The Reconciliation of Freedom of Religion with Anti-Discrimination Rights

2019-10-29T09:31:48Z (GMT) by Anthony Gray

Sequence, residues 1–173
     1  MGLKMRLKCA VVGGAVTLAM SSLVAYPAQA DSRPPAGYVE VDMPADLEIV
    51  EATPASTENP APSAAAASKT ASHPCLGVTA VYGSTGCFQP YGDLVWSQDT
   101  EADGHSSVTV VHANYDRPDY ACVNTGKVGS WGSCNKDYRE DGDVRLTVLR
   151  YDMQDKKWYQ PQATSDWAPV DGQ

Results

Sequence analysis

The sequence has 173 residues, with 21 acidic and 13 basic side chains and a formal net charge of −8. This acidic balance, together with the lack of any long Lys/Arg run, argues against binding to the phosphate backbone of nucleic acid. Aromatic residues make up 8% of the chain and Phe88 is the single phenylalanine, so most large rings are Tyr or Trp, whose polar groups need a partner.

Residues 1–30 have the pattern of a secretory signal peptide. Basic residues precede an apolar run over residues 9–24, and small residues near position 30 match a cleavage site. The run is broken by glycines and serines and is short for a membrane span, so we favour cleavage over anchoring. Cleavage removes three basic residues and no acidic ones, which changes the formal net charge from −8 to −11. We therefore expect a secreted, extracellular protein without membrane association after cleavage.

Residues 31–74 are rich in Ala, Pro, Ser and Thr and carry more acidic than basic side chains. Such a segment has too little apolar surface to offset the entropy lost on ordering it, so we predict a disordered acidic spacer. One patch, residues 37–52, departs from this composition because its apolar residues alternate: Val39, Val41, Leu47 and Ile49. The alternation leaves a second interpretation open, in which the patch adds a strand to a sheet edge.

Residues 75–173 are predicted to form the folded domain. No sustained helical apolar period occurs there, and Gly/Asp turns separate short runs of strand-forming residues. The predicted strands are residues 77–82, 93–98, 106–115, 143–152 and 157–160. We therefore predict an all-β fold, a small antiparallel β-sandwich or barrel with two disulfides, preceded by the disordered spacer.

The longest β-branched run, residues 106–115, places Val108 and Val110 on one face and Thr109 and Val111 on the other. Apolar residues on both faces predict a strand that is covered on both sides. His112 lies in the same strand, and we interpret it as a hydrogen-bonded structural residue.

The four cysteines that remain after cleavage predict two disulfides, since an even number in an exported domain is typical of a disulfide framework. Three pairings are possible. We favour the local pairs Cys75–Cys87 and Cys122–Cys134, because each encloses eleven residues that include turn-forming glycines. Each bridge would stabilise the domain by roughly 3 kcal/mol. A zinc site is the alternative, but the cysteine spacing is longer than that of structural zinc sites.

Freedom of religion is commonly regarded as one of the most fundamental and longstanding human rights, and is reflected in a range of international and domestic human rights instruments. More recently, the law has become concerned to enshrine rights to equality, including a right not to be discriminated against on various grounds. Sometimes, the right to freedom of religion is in conflict with the right to equality. Difficult questions arise regarding how such conflict is resolved. Recent decisions in a range of jurisdictions have grappled with such an issue. This article will discuss recent developments in a range of jurisdictions in this context, before considering some of the issues in the literature. This is a vast area.1 For manageability, the article will focus on the conflict between religion rights and anti-discrimination law in the particular context of accommodation, though many of the points made are equally applicable to the conflict between such rights in other contexts. As it happens, since many of the cases have involved discrimination on the basis of sexuality, that is the chosen exemplar of discrimination on ‘prohibited grounds’ used here. In Part I of the article, I document the strong historic links between law and religion, to provide context for the discussion that follows. In Part II, I consider recent developments in this area across a range of jurisdictions, including Australia, Europe, United States and Canada. Part III considers some of the issues of debate from the case law and the academic literature. Specifically, it critically considers the existing religious exemptions to general anti-discrimination provisions, considers arguments that the law ought to protect religious freedom to a greater extent than is currently the case, and the viability of the distinction between belief and manifestation of that belief.

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